This test is designed to evaluate your reading, writing, listening comprehension, and speaking skills in Mandarin Chinese and to evaluate those skills independent of Chinese regional dialect, skill level, or character set (i.e., either simplified or traditional). The test does NOT award academic credit, but the results do count toward fulfillment of the UIUC General Education LOTE (foreign language) requirement. Results from the test provide authorization for placement either into a specific UIUC Chinese language class or completely out of the UIUC Chinese language program. Students who pass out of the UIUC Chinese language program but who want to continue their study of Chinese language may take CHIN 407 (Introduction to Classical Chinese) or CHIN 408 (Readings in Literary Chinese).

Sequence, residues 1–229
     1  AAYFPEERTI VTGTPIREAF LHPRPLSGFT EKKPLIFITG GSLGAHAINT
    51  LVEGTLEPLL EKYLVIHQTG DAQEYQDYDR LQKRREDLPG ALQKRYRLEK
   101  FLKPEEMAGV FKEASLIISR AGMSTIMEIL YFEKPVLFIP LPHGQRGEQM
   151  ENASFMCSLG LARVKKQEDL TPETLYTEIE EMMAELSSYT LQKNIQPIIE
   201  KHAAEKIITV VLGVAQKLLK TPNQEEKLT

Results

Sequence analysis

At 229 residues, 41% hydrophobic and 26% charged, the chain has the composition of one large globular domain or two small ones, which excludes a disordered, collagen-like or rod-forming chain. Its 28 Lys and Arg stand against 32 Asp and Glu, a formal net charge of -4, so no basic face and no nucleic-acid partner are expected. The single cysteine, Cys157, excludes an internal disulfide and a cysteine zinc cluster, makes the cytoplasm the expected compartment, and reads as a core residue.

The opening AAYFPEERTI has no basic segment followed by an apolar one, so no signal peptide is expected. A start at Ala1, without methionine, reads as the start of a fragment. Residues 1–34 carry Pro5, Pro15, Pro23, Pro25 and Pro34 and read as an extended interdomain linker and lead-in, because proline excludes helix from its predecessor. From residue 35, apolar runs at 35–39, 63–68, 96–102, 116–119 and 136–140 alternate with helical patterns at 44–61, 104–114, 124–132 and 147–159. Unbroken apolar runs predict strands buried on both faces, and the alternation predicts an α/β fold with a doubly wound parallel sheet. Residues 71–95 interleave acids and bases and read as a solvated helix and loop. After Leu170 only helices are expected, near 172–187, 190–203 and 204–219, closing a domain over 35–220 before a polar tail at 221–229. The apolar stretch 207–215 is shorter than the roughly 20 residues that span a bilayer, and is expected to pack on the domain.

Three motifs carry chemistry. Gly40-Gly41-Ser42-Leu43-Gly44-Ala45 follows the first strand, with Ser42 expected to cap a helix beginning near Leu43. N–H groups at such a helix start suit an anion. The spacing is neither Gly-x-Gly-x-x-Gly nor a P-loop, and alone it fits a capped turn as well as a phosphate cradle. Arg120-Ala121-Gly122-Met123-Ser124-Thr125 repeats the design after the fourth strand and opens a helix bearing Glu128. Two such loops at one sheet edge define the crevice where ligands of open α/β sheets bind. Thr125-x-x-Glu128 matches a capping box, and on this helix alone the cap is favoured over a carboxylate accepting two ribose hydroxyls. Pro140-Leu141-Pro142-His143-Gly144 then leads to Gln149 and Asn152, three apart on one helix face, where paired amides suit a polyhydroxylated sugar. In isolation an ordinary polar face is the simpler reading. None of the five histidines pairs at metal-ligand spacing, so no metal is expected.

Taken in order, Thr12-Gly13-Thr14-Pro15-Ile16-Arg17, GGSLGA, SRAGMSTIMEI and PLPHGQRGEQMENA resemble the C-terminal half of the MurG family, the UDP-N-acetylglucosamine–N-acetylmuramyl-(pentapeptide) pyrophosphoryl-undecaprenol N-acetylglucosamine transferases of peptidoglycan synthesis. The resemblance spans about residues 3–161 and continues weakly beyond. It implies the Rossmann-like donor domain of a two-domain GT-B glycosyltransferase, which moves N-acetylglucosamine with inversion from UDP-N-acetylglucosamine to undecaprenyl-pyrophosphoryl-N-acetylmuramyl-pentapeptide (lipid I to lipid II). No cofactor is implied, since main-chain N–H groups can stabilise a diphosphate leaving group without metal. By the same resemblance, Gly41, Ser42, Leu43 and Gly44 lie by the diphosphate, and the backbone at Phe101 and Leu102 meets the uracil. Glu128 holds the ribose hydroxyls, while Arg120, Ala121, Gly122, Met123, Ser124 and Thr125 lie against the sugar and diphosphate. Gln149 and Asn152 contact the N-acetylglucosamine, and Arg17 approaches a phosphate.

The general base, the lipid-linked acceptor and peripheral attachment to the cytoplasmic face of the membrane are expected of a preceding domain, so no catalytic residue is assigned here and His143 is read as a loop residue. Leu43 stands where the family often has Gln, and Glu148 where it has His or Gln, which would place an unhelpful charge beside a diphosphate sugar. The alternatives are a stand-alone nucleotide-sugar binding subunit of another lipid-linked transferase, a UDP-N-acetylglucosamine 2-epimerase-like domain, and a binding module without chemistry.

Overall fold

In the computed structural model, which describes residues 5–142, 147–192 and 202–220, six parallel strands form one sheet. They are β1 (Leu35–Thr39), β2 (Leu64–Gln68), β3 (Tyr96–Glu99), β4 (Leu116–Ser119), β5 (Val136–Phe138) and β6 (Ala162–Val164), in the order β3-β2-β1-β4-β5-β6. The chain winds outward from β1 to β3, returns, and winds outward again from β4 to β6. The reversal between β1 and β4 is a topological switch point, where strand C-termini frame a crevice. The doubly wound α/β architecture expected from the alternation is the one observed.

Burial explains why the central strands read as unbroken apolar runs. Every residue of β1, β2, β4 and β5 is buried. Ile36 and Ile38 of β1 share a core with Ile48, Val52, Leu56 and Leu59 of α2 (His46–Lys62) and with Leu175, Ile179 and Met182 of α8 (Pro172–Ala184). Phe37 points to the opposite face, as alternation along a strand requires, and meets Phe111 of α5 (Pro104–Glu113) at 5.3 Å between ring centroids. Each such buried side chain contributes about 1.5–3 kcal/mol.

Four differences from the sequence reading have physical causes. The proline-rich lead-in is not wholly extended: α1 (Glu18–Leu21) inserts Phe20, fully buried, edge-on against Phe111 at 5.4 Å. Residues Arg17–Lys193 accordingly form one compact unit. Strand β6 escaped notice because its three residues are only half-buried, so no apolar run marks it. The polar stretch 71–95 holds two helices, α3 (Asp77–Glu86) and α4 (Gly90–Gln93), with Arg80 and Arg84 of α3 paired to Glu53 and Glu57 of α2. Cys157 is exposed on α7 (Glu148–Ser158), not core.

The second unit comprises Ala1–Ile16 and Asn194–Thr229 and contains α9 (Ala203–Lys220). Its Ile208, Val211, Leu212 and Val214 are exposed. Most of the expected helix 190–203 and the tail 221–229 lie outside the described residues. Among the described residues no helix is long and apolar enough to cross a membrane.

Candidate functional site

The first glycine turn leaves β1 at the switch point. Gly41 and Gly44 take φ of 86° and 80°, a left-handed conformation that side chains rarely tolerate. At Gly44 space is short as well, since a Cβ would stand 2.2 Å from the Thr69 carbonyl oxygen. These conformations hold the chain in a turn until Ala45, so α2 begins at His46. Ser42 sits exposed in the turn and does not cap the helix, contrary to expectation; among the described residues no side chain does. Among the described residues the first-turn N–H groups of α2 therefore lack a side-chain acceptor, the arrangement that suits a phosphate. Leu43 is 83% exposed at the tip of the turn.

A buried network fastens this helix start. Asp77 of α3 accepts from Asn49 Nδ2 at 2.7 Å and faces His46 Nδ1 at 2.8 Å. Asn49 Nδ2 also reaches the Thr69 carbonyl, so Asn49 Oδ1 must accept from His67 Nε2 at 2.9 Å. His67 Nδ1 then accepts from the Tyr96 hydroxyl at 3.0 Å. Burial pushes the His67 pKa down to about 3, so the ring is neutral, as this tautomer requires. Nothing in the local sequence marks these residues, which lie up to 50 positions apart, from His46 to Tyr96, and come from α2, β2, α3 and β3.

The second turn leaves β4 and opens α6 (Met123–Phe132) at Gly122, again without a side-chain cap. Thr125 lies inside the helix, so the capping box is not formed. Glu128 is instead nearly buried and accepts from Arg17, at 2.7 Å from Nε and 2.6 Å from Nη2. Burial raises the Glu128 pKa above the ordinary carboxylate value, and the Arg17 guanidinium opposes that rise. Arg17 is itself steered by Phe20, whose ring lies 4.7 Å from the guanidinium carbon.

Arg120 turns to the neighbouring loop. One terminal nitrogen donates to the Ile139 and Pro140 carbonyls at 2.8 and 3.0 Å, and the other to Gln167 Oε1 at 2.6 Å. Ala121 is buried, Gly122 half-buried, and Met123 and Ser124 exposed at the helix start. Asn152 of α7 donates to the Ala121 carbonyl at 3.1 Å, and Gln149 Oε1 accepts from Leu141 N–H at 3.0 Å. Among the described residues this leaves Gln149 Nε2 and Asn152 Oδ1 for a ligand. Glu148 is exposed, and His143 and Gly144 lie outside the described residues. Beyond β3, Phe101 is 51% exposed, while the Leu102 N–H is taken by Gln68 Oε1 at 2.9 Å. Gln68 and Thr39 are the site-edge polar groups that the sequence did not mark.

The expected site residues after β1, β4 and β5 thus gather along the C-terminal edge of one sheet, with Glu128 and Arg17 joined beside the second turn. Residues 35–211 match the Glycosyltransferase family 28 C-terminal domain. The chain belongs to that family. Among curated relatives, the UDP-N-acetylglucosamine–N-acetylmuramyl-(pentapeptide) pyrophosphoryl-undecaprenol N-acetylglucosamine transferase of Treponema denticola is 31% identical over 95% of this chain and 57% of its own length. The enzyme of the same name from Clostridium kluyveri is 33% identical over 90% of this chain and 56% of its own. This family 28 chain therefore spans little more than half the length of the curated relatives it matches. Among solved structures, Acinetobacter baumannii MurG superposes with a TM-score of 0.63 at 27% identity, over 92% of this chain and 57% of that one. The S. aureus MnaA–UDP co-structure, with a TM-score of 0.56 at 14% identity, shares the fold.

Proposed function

This test consists of 88 multiple-choice questions that primarily assess your vocabulary, grammar, writing knowledge, and reading comprehension abilities. It covers material through the fourth level. There is no listening comprehension section, no speaking, and no essay. If you do well (answering at least 78% of the questions correctly), you will earn either 4 hours for FR 103 or 8 hours for FR 103 and FR 104. If you don't do well, your academic record will remain unchanged.